Adam Vaughan for The Guardian: The amount of household solar power capacity installed in the past two months has plummeted by three quarters following the government’s cuts to subsidies, according to new figures.
A fall in solar power was expected following a 65% reduction in government incentives paid to householders, but the size of the drop-off will dismay green campaigners who want take up on clean energy sources to accelerate.
Data published by the energy regulator this week shows there was 21 megawatts (MW) of small solar installed in February and March this year, after a new, lower incentive rate came into effect. By contrast, energy department figures show that for the same period in 2015, 81MW was installed. Cont'd...
From North American WindPower: According to MAKE’s latest wind power outlook for North America, unprecedented long-term policy certainty in the U.S., along with a new climate-conscious government in Canada, will enable nearly 75 GW of total wind power growth in the region from 2016 to 2025.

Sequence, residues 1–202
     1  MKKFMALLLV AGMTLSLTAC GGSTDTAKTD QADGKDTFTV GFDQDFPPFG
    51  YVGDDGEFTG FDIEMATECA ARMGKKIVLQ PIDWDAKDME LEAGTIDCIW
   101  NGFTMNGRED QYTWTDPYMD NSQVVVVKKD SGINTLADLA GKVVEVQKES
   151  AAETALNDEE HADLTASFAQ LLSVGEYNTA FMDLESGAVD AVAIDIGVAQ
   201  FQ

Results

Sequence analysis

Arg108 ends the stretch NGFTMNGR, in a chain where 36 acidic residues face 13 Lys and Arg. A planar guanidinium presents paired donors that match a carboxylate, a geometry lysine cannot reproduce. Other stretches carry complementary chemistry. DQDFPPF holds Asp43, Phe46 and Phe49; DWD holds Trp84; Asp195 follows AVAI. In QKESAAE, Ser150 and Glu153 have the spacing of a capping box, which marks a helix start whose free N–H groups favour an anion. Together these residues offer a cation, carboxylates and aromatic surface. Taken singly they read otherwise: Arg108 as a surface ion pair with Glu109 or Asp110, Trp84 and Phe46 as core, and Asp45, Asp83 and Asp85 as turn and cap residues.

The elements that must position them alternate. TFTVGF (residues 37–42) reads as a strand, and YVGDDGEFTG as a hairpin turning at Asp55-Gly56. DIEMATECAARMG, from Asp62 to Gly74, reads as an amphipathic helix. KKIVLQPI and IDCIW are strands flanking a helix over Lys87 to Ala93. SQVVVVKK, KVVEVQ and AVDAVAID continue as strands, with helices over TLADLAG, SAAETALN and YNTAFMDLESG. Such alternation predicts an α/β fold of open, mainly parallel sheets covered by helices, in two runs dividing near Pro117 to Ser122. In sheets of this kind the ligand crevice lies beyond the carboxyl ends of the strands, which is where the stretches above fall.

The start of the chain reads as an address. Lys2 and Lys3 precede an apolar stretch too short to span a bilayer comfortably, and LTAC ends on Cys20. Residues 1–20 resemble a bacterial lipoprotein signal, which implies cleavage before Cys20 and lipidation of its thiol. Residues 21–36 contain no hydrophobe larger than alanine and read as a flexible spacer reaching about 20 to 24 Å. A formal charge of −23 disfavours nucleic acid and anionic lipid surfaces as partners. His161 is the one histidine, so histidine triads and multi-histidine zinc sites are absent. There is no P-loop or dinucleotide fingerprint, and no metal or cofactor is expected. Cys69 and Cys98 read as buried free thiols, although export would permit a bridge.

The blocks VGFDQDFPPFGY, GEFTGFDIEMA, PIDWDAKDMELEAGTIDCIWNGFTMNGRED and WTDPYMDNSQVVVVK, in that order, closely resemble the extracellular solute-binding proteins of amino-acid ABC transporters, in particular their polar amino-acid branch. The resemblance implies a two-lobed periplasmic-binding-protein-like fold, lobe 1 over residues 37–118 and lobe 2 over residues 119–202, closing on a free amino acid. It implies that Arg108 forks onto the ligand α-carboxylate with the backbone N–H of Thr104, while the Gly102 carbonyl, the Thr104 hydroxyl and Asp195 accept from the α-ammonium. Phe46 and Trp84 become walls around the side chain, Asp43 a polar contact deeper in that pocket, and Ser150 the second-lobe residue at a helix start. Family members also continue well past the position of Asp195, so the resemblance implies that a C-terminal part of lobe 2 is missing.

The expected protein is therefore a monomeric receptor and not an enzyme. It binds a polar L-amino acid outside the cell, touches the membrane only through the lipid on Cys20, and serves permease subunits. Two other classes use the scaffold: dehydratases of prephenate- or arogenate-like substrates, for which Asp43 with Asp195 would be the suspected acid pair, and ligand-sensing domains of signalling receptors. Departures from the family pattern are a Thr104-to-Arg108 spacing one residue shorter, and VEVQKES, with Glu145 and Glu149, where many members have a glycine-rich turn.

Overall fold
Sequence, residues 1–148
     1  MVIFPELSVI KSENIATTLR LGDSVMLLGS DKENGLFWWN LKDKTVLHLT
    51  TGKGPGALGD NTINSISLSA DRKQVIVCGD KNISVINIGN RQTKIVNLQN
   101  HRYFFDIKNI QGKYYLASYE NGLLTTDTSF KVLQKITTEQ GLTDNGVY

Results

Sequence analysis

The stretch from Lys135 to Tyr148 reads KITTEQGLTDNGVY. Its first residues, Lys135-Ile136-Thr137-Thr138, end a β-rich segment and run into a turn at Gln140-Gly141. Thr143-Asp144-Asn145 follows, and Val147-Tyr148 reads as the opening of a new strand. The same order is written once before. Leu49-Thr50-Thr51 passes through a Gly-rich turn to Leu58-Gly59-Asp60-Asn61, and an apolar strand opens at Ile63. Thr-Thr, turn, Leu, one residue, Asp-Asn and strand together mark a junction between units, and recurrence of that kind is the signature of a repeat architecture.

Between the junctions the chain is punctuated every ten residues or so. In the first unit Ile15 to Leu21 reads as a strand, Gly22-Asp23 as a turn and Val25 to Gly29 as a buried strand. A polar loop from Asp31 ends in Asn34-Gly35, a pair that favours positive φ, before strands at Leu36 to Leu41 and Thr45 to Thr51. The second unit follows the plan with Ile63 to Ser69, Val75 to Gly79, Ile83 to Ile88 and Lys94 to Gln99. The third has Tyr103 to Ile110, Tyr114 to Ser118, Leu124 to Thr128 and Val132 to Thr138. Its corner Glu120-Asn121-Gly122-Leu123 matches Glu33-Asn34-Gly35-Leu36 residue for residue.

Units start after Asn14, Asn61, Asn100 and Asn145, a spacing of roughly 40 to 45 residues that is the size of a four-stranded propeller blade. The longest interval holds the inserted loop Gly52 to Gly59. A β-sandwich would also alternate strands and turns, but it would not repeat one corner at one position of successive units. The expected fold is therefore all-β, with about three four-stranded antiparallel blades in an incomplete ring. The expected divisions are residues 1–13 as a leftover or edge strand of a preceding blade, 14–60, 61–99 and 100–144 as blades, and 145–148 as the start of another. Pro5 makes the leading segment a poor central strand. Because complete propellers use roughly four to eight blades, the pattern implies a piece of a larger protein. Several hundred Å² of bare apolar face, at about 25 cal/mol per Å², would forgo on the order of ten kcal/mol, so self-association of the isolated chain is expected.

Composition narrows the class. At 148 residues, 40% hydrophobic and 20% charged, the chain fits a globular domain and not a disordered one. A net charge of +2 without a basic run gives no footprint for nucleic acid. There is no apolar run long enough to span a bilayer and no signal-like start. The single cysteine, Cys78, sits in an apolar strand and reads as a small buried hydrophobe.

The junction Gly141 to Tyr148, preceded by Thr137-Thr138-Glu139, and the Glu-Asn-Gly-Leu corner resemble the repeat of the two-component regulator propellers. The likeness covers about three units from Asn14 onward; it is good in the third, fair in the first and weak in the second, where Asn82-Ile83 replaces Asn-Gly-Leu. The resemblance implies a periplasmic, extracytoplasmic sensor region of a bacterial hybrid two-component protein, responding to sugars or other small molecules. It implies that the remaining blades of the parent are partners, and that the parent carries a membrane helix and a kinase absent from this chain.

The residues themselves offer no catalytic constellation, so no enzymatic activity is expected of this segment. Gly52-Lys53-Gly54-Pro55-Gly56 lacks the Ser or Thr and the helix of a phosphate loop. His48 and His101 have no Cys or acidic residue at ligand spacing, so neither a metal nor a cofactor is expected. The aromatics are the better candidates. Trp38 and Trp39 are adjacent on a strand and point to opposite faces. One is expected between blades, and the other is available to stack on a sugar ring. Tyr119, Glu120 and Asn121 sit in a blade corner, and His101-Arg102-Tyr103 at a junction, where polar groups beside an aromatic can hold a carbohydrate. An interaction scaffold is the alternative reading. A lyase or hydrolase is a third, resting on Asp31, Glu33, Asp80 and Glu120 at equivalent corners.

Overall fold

The production tax credit (PTC) in the U.S. was extended in December 2015 as a multiyear phaseout and will support a total of 44.4 GW of wind power additions from 2016 to 2021. However, as the value of the PTC phases down after 2018, several drivers must align to sustain wind power growth in the U.S. At the sub-regional level, Texas will lead wind power growth from 2016 to 2018, followed by the Plains and the Midwest.
Turbine technology advancement and balance-of-plant cost reductions will continue to drive down the levelized cost of electricity (LCOE) of wind power and offset a portion of the lost PTC value from 2019. This will allow wind power to maintain a substantial share of new power generation demand, despite attractive costs for natural gas power and rising competition from solar photovoltaics. Last year, the U.S. alone added nearly 8.6 GW of new wind energy generation. Cont'd...
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